As per usual, Ulven plays nearly every instrument on the album, which she recorded across a handful of European studios and her Oslo apartment. But this time, her signature brand of bedroom pop is polished to a high gloss that she’s only slightly worried fans will find off-putting. “I feel like I’m a completely different person,” she says. “So the music on this album, for me, doesn’t sound so different from what I’ve done before. It just sounds like exactly what I’d make right now.”

In her classic fashion, the album ping-pongs between highs and lows. Opener “I’m Back” creeps in almost bashfully, with Ulven proclaiming: “I’m back, I feel like myself/I was gone for a minute/’Cause I went to get help.” The switch flips with “Doing It Again Baby,” a bombastic strut of a song, and the first one she wrote for the record after compulsively picking out the melody during soundchecks. “That song is about feeling like I have so much self-esteem that I feel like I’m a cocky-ass bitch walking down the streets with my sunglasses on,” she says. 

Still, the bravado isn’t a constant — single “Too Much” is about being just that (her mom was always telling her to quiet down), while tracks like “Phantom Pain” and “Pick Me” remind us that Ulven wasn’t always so lucky in love. Sabrina Carpenter does help her go scorched-earth on an ex, though, on “You Need Me Now.” The two singers both gained big new audiences last year as openers on separate legs of Swift’s Eras Tour, but they’ve been friends since around 2022 — Ulven says they formed a mutual-appreciation society in each other’s DMs before she asked Carpenter to guest on the dark rocker of a track for her new album.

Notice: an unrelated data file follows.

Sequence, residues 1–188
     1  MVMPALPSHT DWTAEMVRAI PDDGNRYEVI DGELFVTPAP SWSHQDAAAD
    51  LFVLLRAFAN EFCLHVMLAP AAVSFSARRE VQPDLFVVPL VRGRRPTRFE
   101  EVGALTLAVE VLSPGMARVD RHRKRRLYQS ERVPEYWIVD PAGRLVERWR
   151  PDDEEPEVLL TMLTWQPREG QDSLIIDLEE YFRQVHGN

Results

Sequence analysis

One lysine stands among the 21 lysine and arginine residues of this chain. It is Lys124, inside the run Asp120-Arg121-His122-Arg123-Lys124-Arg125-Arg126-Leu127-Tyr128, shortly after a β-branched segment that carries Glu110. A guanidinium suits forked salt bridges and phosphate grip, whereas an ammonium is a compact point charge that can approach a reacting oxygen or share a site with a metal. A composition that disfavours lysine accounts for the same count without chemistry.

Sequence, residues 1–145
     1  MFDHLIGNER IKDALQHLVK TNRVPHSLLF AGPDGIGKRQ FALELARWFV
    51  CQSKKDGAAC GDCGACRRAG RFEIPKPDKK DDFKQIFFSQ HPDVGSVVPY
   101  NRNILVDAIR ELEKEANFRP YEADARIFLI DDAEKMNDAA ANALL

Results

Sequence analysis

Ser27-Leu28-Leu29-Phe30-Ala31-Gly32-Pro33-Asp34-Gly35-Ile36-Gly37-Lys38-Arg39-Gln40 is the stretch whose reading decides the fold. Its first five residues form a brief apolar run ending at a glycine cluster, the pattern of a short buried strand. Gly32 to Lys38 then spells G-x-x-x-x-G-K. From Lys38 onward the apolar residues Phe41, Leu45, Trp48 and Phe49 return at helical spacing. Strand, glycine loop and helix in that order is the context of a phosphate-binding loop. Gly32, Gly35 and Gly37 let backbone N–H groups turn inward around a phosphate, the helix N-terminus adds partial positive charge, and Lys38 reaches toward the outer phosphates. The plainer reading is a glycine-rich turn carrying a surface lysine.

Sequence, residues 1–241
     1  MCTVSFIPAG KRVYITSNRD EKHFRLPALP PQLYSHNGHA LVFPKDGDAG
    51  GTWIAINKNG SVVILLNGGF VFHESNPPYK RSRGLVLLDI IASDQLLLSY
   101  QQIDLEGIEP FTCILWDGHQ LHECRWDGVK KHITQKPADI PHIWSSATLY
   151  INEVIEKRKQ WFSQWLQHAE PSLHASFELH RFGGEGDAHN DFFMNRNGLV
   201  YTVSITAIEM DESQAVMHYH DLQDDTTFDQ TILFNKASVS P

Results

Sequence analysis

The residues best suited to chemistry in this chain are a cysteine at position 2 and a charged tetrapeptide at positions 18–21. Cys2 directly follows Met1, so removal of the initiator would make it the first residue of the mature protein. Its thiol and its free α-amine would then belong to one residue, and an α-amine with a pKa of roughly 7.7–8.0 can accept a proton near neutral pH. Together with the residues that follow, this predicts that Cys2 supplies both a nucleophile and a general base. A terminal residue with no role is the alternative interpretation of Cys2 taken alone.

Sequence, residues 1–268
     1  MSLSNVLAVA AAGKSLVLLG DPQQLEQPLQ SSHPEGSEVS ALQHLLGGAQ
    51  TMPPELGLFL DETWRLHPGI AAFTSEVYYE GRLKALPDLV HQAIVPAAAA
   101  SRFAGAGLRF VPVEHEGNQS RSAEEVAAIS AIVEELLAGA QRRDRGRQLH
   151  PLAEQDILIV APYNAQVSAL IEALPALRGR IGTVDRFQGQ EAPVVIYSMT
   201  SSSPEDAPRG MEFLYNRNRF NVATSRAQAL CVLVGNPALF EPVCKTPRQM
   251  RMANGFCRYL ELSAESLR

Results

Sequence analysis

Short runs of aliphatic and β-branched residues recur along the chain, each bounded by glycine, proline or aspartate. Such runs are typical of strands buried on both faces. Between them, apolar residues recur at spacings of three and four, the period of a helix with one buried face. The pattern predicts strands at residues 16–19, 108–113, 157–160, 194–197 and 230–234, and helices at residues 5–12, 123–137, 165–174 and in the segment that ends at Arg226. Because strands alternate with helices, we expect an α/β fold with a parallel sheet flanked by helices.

Thea Traff for Rolling Stone

Sweater, Shirt and Shoes by Celine by Hedi Slimane. Jeans by ACNE Studios

“When she reached out to me, it felt like a no-brainer and I was immediately drawn to the record,” Carpenter says. “It was exciting to make because it pushed me into new sonic territory.”

Ulven is perhaps most herself on the ominous, echoey “Ugly Side,” in which she grapples with feeling like Jeykll and Hyde — torn between being “cute” and “lovable” and “boiling inside.” 

In a lot of ways, she’s always existing between dichotomies, whether that means feeling distinctly uncomfortable attending New York Fashion Week shows by hip designers like Tory Burch, Khaite, and Eckhaus Latta while she’s in town (“I’m a very basic girl when it comes to clothes,” she says) or proclaiming on her album’s title track: “My big fat ego is making me say/This ’99 vintage has impeccable taste!”

“I have these incredible highs, and then I have these very low lows,” Ulven says as the waiter whisks away our plates. “Maybe that’s good. I don’t want to be just one thing. I don’t want to be just this confident person who never doubts themselves. I think doubt can be great as much as it can be very paralyzing.” 

She pauses for a moment. “Yeah. I just need to chill the fuck out.… I think that’s exactly what I need to do.” There’s a first time for everything.

Production Credits

Grooming by MELISSA DEZARATE at A-FRAME AGENCY using KEVIN MURPHY and DR STURM. Styling by LUCY GASTON. Photographic assistance by Lizie Ben Shmuel. Styling assistance by Nicholson Baird. Produced by Joe Rodriguez